Scaling sustainable businesses
For more than 25 years I’ve been helping new things come to life and scale from within the heart of a large corporate and more recently, working with startups and smaller companies to help them grow.
This has been across a range of sectors from FinTech, payments, sports tech, IT platforms, sustainable energy and chemical engineering. The key lesson from this is that if you’re having scaling pains then the good news is you are not alone - everyone has them.
What I’ve noticed over time, and particularly in the last four years as a founder and a provider of scaling support to other organisations, is there are definite patterns regardless of sector. My observation is that while there’s an obvious need to consider investment, marketing and sales, there’s less focus on the operational running of a business - the processes, structures and basic glue that makes things work.
Coming from a unique position of a large corporate understanding and having worked with a range of scaling companies I’ve developed, with help from my colleagues and partners at business mix, a clear methodology to apply to a scaling business. In my experience (at a certain scale) everyone needs to start considering the challenges of organisation, supply chains, appropriate governance, the role of the founders, effective decision making, communications and maintaining the culture and values that got the business started in the first place.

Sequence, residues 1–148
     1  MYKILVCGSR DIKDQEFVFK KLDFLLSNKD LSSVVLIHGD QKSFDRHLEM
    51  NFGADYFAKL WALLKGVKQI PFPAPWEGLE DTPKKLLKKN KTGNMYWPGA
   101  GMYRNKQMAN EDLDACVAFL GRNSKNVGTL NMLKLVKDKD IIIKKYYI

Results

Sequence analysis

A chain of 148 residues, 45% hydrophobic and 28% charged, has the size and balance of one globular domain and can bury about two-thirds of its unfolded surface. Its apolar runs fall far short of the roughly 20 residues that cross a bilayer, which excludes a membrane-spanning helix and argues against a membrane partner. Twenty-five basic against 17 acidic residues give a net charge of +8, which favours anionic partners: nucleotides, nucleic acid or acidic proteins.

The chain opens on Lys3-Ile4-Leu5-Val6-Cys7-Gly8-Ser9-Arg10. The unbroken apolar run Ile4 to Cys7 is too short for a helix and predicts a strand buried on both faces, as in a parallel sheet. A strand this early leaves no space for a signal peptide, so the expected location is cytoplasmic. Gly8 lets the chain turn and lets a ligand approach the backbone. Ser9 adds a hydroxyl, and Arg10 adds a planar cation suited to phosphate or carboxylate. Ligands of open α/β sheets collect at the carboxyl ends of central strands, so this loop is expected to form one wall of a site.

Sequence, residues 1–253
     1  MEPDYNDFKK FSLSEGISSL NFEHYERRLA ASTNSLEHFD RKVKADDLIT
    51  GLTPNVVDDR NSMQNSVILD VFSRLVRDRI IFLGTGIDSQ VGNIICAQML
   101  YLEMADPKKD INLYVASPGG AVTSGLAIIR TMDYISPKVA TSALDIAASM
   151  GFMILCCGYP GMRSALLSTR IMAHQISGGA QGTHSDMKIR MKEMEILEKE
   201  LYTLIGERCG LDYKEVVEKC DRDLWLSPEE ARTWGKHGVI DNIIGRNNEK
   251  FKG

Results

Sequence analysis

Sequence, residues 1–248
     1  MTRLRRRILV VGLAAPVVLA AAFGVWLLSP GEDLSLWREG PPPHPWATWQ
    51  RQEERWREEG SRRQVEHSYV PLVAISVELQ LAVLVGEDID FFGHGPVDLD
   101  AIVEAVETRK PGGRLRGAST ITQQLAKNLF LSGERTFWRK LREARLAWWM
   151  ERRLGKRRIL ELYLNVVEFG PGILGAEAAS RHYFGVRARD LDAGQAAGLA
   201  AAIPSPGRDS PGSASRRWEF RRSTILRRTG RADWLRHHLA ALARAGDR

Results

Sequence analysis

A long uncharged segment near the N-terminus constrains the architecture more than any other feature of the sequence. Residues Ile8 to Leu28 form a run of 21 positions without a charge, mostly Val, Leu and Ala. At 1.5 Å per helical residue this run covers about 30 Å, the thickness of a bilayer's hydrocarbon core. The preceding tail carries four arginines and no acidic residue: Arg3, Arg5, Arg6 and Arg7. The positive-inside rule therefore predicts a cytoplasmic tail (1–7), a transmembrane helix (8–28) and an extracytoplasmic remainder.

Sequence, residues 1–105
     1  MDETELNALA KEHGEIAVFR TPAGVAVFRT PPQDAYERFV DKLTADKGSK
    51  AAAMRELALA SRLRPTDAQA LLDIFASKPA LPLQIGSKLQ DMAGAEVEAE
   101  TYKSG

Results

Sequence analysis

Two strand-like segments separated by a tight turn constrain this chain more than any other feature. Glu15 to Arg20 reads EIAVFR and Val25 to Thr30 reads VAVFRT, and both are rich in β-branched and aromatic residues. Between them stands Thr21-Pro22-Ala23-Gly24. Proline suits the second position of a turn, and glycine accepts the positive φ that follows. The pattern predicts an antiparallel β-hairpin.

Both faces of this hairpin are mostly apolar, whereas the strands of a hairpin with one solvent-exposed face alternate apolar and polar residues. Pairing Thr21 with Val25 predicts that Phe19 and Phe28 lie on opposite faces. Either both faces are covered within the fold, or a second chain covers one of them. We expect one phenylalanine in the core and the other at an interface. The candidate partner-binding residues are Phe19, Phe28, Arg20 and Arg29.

Doing so can be a challenge for the leaders of the business, who’s interests and skills and experience are often elsewhere. Typically the issues caused by these challenges have distinct trigger points. For example having more than one operational site, a diversifying client base, increased team sizes (15 is often a tipping point) or an inflow of investment (and associated expectations). What seems to be the case for 'sustainable' businesses is that some of these scaling challenges can hit earlier than in other sectors, increasing the need for earlier awareness and collaboration to manage them.
In particular I think we can see some emerging trends for the sustainable businesses that are now trying to establish themselves:
- A need to revise a model that operates in other sectors of a minimum viable product created in the proverbial 'startup garage' Science based solutions often need wider, earlier and more industrial strength collaborations to develop beyond the laboratory.
- A greater level of investment is needed earlier with a longer payback. A position that can challenge investment 'norms' and also starts to bring the need for greater operational support earlier in the development cycle.
- An even greater need to develop a compelling story that reaches beyond the science or the moral imperative to the commercial application of a solution.
There is an opportunity to learn from other sectors as sustainability becomes more mainstream but also recognise some of the differences. My message for those founders starting to manage their scaling journey would be collaborate and collaborate early to find those individuals and partners that will be essential for your journey.